PROS: Vibrant, complicated heroine; evocative description and language; well-crafted plot beats.
CONS: Unclear worldbuilding raises too many questions; execution of certain concepts need work.
BOTTOM LINE: A promising main character, good plotting and good ideas marred by a flawed execution.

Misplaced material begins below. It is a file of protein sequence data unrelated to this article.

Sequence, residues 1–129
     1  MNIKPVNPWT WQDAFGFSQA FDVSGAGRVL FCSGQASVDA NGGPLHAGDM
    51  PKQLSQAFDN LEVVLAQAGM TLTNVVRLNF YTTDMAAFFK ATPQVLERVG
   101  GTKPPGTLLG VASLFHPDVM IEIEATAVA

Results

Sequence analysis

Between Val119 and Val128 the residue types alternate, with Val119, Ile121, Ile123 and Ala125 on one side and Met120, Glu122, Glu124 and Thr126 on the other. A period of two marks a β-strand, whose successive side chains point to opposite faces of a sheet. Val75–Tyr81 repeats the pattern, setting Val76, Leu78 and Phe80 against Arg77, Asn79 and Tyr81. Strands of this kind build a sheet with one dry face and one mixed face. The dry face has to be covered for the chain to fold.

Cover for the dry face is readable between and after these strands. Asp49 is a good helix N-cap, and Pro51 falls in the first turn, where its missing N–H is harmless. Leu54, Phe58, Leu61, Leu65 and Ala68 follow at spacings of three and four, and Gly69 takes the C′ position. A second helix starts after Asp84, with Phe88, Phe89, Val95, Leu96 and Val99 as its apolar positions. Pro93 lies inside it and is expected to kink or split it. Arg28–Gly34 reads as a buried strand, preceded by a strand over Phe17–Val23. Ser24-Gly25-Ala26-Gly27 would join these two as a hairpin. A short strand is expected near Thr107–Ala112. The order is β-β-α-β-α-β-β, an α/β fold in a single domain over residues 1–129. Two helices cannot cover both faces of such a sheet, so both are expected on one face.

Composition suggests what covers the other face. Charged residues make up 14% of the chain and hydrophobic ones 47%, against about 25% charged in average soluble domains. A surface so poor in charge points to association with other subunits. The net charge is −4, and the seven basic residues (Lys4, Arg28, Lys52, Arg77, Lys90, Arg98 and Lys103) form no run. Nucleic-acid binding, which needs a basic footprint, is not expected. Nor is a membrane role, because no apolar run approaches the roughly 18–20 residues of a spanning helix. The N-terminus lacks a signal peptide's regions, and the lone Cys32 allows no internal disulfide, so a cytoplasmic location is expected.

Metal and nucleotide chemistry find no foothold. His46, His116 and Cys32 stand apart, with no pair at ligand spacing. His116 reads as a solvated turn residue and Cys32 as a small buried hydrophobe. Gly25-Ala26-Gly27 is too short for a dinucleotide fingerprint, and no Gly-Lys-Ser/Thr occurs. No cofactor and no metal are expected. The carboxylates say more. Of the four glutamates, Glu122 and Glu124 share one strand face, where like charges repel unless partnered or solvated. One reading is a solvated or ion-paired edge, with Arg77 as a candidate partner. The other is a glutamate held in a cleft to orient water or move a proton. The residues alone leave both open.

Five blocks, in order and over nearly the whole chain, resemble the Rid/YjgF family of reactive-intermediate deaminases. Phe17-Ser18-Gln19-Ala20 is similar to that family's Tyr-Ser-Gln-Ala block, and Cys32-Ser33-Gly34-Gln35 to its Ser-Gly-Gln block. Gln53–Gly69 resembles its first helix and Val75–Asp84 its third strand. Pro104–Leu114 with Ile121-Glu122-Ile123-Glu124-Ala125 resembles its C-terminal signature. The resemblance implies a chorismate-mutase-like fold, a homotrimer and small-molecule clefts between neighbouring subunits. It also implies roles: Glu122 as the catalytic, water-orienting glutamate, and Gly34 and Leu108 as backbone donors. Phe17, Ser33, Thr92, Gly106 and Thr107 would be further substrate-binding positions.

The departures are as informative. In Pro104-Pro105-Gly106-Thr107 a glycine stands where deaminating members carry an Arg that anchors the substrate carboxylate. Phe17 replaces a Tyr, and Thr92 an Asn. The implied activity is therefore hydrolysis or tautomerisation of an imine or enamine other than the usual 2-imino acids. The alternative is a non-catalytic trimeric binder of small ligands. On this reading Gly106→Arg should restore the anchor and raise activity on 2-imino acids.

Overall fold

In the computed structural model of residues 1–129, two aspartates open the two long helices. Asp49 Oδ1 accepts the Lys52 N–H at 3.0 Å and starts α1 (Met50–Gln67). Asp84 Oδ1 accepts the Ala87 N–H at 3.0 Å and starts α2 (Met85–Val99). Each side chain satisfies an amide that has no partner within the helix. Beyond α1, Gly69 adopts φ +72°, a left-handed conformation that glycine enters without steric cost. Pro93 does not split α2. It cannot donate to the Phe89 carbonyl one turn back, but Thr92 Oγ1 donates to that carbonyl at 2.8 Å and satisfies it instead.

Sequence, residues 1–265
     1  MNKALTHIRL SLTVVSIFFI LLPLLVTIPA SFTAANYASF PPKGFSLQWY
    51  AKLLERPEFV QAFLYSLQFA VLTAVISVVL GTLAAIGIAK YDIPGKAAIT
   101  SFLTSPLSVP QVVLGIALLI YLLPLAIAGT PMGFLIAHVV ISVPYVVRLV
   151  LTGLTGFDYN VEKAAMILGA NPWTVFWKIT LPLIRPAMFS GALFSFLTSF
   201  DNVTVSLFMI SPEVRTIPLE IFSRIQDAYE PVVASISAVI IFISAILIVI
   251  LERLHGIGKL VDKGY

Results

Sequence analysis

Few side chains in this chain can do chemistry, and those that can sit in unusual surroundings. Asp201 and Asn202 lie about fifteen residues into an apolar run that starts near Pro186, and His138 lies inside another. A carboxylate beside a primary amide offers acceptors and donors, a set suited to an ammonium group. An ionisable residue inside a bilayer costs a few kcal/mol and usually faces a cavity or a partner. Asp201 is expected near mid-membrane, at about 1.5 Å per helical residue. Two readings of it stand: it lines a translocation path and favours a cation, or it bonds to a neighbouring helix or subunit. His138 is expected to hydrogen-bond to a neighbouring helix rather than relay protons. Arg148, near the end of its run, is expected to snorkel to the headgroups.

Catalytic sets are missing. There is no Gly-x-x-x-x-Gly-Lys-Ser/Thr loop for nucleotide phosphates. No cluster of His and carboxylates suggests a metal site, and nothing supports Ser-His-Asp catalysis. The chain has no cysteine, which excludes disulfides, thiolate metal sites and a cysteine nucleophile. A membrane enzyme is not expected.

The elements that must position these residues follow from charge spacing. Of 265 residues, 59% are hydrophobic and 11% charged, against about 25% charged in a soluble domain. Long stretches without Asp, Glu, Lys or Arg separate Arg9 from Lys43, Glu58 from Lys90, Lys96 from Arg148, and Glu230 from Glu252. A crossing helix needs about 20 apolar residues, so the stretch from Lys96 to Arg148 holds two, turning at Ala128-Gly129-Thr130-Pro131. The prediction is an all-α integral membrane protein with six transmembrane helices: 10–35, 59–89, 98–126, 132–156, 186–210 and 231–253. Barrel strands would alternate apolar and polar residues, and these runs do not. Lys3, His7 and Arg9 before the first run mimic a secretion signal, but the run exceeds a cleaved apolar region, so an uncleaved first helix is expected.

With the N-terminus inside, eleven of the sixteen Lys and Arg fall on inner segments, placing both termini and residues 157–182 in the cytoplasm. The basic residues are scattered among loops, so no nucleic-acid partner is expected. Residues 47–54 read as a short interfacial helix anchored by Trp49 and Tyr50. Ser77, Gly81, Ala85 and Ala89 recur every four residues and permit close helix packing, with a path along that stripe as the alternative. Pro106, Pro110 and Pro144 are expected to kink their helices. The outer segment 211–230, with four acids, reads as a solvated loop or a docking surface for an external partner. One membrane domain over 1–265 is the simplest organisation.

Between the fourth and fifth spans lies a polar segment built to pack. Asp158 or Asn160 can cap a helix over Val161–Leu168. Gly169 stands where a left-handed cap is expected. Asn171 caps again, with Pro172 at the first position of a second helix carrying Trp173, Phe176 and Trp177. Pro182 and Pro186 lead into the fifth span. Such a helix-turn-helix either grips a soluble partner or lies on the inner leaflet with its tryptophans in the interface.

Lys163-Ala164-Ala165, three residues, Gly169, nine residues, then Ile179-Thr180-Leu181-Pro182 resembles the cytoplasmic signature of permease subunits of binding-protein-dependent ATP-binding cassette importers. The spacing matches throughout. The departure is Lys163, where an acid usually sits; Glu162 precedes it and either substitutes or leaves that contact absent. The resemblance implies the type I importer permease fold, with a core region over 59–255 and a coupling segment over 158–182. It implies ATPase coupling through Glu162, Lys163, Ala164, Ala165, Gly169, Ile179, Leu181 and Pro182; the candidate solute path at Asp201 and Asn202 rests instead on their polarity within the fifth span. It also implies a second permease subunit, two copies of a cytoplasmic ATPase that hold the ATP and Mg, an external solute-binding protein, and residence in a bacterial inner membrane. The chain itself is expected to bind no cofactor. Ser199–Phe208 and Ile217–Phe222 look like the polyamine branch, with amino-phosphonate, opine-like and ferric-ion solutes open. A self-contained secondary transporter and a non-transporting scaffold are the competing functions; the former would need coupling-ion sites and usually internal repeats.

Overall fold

Persephone Fury has a problem. Several of them, actually. In a world bound to and next door to our own, her Regency-era life is rather complicated. Her magical powers, rather than being a celebrated gift, are of a sort that are dark and threatening, enough that tisanes consumed to dull them are the order of the day. Her twin brother’s tutor is up to something, something threatening enough that Persephone is willing to pose as her brother to find out what her tutor wants. And the Season is opening soon. Persephone’s prospects are not good, and they cannot be allowed to damage the prospects of her very marriageable sister. Things get even darker and more convoluted, though, though, when the tutor’s machinations, a challenge to the ailing crown, and Persephone’s own conflicted desires and her awakening powers threaten to unmoor Persephone Fury’s life completely, and her world with it.